Two of China's top telecommunications companies may be selling subsidized gear in the United States, and legislation could be proposed to deal with any related national-security threat, the head of the U.S. House of Representatives' Intelligence Committee said on Thursday.
The committee is investigating what some U.S. officials suspect are close ties between the Chinese government and each of the firms, Huawei Technologies Co Ltd (Shenzhen, P.R.C.) and ZTE Corp (Shenzhen, P.R.C.).
The concern is whether any of their equipment or its software is designed to steal information or "establish the ability to do cyber attacks," panel chairman Mike Rogers said.
Many believe that the gear is subsidized "so it can be multiple times cheaper than any local competitor," Rogers told a conference hosted by Bloomberg Government, a subscription web site.
Closely held Huawei  is the world's second-largest maker of telecommunications equipment after Ericsson (Stockholm, Sweden). ZTE is the fifth-ranking provider. Both deny getting Chinese subsidies and deny any suggestion that they are involved in espionage.
Rogers, a Michigan Republican, said he hoped to complete a report by late summer, in both classified and unclassified form, on any threat from the Chinese firms' gear to U.S. national security.
"This is going to be a huge problem that we're going to have to get a handle on it very quickly," he said. "It may mean legislation" or new rules to guard U.S. networks from possibly booby-trapped hardware or software.
The committee's coming report would help U.S. companies considering buying equipment "to make the right decision and allow us to go forward with appropriate legislation as required," Rogers said.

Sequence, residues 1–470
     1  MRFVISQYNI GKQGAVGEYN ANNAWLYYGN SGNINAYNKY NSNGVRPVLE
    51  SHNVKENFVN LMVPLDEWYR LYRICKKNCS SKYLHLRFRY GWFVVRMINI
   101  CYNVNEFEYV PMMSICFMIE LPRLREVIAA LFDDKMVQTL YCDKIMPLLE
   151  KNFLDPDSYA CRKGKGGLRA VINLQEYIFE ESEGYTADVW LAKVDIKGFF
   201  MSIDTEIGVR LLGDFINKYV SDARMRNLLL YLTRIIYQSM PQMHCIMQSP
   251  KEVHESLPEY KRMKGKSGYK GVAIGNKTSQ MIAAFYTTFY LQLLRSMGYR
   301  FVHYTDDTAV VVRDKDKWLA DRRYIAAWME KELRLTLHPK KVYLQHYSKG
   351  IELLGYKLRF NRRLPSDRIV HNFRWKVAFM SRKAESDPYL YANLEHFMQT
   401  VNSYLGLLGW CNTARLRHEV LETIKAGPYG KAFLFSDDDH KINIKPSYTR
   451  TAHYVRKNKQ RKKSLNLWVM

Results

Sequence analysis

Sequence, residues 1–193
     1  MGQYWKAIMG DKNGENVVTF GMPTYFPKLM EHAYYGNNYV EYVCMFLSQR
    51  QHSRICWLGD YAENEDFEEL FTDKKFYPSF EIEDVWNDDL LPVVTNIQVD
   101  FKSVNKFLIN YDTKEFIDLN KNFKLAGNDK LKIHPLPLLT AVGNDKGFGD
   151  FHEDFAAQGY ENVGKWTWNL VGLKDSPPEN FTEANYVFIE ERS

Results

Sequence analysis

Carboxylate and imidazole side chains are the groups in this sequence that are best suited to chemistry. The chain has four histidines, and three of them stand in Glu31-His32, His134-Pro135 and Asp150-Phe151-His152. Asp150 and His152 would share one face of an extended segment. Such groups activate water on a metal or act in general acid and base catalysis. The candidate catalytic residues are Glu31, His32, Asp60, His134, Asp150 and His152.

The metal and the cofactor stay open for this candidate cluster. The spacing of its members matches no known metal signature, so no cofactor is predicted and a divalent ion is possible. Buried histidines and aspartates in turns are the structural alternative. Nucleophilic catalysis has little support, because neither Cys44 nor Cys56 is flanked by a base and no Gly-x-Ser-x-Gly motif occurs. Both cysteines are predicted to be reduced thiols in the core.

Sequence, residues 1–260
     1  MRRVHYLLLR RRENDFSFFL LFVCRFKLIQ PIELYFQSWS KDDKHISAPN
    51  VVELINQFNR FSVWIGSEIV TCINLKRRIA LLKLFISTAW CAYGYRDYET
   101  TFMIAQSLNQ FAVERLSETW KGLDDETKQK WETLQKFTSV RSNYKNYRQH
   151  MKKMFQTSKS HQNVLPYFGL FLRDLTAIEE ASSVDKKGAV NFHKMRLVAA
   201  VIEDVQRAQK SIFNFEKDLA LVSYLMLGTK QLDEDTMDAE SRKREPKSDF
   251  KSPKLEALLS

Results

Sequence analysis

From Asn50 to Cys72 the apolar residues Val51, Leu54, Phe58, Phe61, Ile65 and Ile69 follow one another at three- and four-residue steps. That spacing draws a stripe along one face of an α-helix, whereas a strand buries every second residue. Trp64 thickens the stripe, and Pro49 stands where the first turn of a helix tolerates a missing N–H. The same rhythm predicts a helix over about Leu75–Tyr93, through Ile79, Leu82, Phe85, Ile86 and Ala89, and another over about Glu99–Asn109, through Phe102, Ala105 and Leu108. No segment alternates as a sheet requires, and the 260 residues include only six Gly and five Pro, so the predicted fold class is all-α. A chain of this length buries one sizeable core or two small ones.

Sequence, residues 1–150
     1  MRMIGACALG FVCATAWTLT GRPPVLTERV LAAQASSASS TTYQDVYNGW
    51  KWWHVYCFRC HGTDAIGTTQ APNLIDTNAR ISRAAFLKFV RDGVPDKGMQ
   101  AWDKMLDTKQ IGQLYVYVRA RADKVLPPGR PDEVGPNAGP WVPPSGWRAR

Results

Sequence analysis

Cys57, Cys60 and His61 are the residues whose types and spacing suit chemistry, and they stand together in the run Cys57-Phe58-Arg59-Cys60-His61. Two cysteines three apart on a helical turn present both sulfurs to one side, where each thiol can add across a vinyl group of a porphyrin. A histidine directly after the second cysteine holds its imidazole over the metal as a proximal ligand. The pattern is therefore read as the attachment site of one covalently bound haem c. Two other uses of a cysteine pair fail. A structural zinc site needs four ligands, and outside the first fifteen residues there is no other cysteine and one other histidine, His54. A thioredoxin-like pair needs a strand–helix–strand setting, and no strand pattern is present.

"Given that Huawei has publicly and repeatedly and in a detailed fashion debunked this type of misinformation with solid facts, it would be truly unfortunate if such unsubstantiated and unclearly motivated statements persist," says Williams Plummer, a Huawei spokesman in Washington.
ZTE spokesman David Dai Shu said his company "receives no illegal or hidden subsidies, nor does it dump products in any markets where it operates."
The House panel, in letters sent to the companies this month, pressed them to disclose details about their links to the Chinese government and their pricing strategies.
Rogers told reporters after the conference on Thursday that his panel's investigators had been in touch with officials in Australia , Britain, Canada and New Zealand.
Australia earlier this year blocked Huawei from bidding for contracts in its $38 billion high-speed broadband network due to unspecified security concerns.
Face-to-face meetings took place between U.S. House Intelligence Committee members and executives from Huawei and ZTE in Hong Kong last month. The panel began a full-fledged probe in November, and committee staff were briefed at Huawei's Shenzhen office in February and by ZTE in April.
"We must get to the bottom of these issues before the companies have further access to our market," Rogers said in a statement posted on the committee's website this month.
Rogers and the panel's top Democrat, Dutch Ruppersberger of Maryland, asked the companies on June 12 to respond to its questions within three weeks.
The Office of the National CounterIntelligence Executive, a U.S. intelligence arm, said in a report to Congress in October that China and Russia were in the forefront of keyboard-launched theft of U.S. trade and technology secrets to bolster their fortunes at U.S. expense.
Former U.S. Commerce Secretary John Bryson dealt Huawei a blow in March 20 testimony to the House Appropriations Commerce, Justice, Science subcommittee.
"It appears that Huawei has capabilities that we may not fully detect to divert information," said Bryson, who announced on Thursday he was resigning in connection with two car crashes earlier this month. "It's a challenge to our country."
(Reporting By Jim Wolf; Editing by Tim Dobbyn )